every 2 minutes
ASKING FOR IT
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A sensation of pain shooting down
The tears have dried from your
pillow and your underwear is flung across
All of the violent memories from the night
before flood your mind with no intent of
stopping. The bruises line your thighs and
your hair is matted to your skull. You
immediately realize what happened: The boy
you had given your heart to for nine months
had taken advantage of you.
He’s taken your innocence.
The one piece of yourself you had been
He raped you.
The demented reality of this is that it
happens every day. Every two minutes
someone in America is sexually assaulted.
Nearly one in six women will report some
kind of sexual assault in their lifetime and
even more go unreported. According to
the Rape and Incest National Network,
approximately nine in 10 sexual assaults go
unreported. Females between the ages of
16 and 19 are four times more likely than
the general population to experience sexual
assault of any form. Research conducted
by the Centers for Disease Control and
Prevention estimates that approximately one
in six boys and one in four girls are sexually
abused before the age of 18.
Rape and sexual assault are prominent
issues in this year’s elections. Two nights
before the second presidential debate, the
Washington Post released a video of Donald
Trump making crude and vulgar remarks
about women in 2005 with the host of
“Access Hollywood,” Billy Bush. Trump has
since apologized for the comments and
excused them as “locker room talk.”
After the video was released, hundreds
of thousands of victims have shared their
stories via social media, including Canadian
writer Kelly Oxford. She tweeted “Women:
tweet me your first assaults. they aren’t just
stats. I’ll go first: Old man on a city bus
grabs my [vagina] and smiles at me, I’m 12.”
After her post, #NotOkay was trending in
the US. The post was not intended to bash
Trump, but rather to empower victims to
feel strong enough to speak out. For two full
days afterward, Oxford received nonstop
tweets of women sharing their first-assault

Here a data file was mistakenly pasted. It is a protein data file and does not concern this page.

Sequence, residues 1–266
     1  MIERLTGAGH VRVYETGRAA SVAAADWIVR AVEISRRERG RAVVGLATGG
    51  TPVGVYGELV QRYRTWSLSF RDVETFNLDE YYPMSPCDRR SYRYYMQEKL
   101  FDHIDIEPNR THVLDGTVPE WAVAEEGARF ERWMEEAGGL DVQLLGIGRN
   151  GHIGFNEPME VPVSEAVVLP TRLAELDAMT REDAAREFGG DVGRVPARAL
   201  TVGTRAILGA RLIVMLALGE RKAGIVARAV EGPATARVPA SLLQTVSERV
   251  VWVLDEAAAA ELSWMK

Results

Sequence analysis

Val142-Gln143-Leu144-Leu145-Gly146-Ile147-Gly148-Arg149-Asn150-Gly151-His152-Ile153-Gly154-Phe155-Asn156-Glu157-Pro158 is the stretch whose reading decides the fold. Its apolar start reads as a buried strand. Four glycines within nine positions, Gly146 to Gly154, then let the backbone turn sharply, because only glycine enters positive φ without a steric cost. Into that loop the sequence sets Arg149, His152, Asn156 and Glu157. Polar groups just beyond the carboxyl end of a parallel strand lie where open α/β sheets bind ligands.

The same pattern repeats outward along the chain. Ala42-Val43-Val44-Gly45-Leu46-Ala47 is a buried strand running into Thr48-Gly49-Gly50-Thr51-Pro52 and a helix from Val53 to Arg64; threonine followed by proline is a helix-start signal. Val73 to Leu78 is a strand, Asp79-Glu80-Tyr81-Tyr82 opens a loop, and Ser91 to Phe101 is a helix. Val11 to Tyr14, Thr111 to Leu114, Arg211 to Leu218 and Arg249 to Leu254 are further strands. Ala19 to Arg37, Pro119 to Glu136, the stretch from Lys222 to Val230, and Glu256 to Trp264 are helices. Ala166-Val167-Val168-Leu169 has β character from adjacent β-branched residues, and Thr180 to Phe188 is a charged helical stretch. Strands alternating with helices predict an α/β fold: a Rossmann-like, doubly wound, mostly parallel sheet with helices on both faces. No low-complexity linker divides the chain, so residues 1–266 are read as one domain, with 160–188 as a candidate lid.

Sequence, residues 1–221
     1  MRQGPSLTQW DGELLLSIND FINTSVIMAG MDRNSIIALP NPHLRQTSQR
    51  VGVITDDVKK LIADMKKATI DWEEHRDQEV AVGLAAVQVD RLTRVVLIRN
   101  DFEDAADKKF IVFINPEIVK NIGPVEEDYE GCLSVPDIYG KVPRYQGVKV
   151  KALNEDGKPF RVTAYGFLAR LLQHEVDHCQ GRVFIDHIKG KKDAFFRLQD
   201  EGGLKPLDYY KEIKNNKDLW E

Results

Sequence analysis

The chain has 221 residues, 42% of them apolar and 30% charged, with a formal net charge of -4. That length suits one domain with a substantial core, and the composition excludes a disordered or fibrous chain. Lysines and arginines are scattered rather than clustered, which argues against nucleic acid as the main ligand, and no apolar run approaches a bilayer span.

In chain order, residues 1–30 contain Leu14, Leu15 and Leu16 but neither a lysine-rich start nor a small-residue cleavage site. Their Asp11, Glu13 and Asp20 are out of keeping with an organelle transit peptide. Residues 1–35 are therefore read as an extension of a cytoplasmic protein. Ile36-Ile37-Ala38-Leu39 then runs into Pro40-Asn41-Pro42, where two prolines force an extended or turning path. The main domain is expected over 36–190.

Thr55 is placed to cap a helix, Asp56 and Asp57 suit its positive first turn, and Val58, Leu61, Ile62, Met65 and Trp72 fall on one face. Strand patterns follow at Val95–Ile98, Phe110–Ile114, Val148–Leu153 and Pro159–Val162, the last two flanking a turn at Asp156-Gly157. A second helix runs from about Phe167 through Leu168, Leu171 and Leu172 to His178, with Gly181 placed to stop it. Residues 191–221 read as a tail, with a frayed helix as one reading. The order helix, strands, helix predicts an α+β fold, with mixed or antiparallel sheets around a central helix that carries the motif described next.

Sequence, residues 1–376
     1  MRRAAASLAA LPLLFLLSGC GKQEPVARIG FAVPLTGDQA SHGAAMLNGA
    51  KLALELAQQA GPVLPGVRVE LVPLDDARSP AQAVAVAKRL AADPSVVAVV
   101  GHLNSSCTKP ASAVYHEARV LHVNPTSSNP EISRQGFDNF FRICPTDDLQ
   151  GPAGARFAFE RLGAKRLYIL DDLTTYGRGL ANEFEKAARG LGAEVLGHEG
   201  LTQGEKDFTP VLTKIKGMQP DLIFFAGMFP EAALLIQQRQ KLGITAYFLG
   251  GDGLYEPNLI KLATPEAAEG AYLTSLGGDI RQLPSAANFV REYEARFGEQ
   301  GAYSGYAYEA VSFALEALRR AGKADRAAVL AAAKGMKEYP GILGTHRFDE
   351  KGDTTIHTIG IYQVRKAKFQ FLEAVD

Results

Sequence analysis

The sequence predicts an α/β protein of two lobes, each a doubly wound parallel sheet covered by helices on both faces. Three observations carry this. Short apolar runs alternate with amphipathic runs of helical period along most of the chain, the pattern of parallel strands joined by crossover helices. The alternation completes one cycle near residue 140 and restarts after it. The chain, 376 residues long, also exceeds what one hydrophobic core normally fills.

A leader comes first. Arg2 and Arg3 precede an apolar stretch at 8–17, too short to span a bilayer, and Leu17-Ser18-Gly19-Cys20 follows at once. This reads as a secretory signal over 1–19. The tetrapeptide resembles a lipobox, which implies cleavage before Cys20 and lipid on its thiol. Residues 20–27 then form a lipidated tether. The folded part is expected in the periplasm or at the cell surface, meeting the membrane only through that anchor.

stories where everyone can see.
But rape and sexual assault don’t only happen
on TV shows or to strangers far away. It
happens to people in Kansas. In Wichita. To
students who go to Maize.
‘That’s what guys are
supposed to do’
Eva Miller wanted to go to a club one
night with her friend.
“We couldn’t get anyone else to go with
us,” Miller said. “So we decided that just the
two of us would go and we would stay close
by each other all night.”
Not long after they got there, some boys
approached them and asked them to dance.
They danced for a while, but her friend
walked away with one of them and Miller
was left alone. She didn’t want to lose her
friend, so she decided to go find her.
“As soon as I started to walk away, the guy
grabbed me and held me against him with
what I’m sure was the tightest grip he could
possibly have,” Miller said. “The next thing
I know, he’s dragging me towards the door
to leave, and I was trying my best to fight
out of his grip, but it wasn’t working. I kept
telling him to let go because I wanted to find
my friend but he was ignoring me. When we
finally got right up to the door, he said, ‘Let’s
just go back to my place, she’ll be fine.’”
She continued to argue and say she just
wanted to find her friend. The boy had
caused such a scene that the bouncers came
over and told him to let her go.
She went to find her friend and try to get
as far away from him as possible, but he
“He grabbed me again, but this time he
was a lot more aggressive,” Miller said.